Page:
Judge Clark Douglas wants out of the circus.
"I want out of the circus!"
Upon its release in Sweden, Sawdust and Tinsel was rejected by critics, and has been quietly forgotten about over the past fifty-plus years. In the wake of director Ingmar Bergman's death, The Criterion Collection has chosen to restore the film and give it new life. What sort of film do we have on our hands? An early Bergman failure? A curious piece of film history that helps fill a significant gap in the collection of a Bergman fan? Or a genuinely excellent film that has been tragically ignored?
Sawdust and Tinsel: Criterion Collection explores the case and puts it into context.
Facts of the Case
Sawdust and Tinsel presents the story of tormented relationships against the garish background of a low-budget traveling circus. Albert (Ake Gronberg), the circus ringmaster, has been tirelessly leading the circus from village to village over the past three years. He is married, but hasn't seen his wife once in those three years. When he decided to become a circus ringmaster, she elected to stay behind and run a little shop. Albert is both fearful and eager to return home, unsure of how his wife will receive him. This is deeply upsetting to Anne (Harriet Anderson), Albert's mistress. She declares that if Albert goes to visit his wife, she will not be waiting for him when or if he returns.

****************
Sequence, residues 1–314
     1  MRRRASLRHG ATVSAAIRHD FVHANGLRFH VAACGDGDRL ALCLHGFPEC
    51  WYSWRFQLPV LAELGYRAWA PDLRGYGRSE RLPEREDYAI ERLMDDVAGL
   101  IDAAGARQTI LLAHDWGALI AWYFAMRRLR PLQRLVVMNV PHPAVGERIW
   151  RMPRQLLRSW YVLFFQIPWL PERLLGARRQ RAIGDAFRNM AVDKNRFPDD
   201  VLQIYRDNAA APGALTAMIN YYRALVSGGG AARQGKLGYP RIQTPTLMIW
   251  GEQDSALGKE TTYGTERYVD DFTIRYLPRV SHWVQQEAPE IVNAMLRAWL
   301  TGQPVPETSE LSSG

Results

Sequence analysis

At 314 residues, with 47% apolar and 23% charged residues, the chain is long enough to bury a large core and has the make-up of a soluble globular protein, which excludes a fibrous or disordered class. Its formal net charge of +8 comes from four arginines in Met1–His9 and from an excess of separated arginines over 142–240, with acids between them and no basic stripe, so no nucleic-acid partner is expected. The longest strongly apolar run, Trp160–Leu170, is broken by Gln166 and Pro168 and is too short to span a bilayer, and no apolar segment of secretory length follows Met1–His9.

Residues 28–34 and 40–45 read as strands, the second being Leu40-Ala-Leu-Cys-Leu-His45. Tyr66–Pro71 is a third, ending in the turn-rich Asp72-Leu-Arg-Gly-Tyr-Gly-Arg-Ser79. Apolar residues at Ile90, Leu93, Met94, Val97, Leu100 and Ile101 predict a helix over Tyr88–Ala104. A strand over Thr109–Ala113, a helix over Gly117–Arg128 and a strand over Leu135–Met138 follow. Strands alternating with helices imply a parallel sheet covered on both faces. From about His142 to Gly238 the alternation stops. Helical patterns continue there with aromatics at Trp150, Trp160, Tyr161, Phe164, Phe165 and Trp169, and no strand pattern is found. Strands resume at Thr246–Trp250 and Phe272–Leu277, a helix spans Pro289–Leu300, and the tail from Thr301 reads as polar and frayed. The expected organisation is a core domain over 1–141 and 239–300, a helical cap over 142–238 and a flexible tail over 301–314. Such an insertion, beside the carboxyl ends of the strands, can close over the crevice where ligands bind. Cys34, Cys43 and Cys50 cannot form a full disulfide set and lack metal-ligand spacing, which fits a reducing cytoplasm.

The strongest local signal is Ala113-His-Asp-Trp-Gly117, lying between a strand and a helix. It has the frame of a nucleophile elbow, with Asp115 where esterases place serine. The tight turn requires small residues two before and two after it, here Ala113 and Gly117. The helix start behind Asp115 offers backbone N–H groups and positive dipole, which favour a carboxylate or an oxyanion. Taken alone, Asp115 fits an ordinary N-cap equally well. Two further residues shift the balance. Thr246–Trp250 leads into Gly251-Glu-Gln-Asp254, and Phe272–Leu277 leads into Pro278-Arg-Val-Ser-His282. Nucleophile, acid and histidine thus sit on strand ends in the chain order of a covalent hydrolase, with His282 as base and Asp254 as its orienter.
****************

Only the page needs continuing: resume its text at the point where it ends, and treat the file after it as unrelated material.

Albert is tired of the circus, and of his mistress, and goes to visit his wife anyway. The mistress reacts by paying a visit to Frans (Hasse Eckman), a lustful actor from the local theatre troupe. As the film progresses, Albert and Anna throw themselves into games of power, psychosexual manipulation, and jealousy—all culminating in a violent and bitter climax in the center of the circus ring.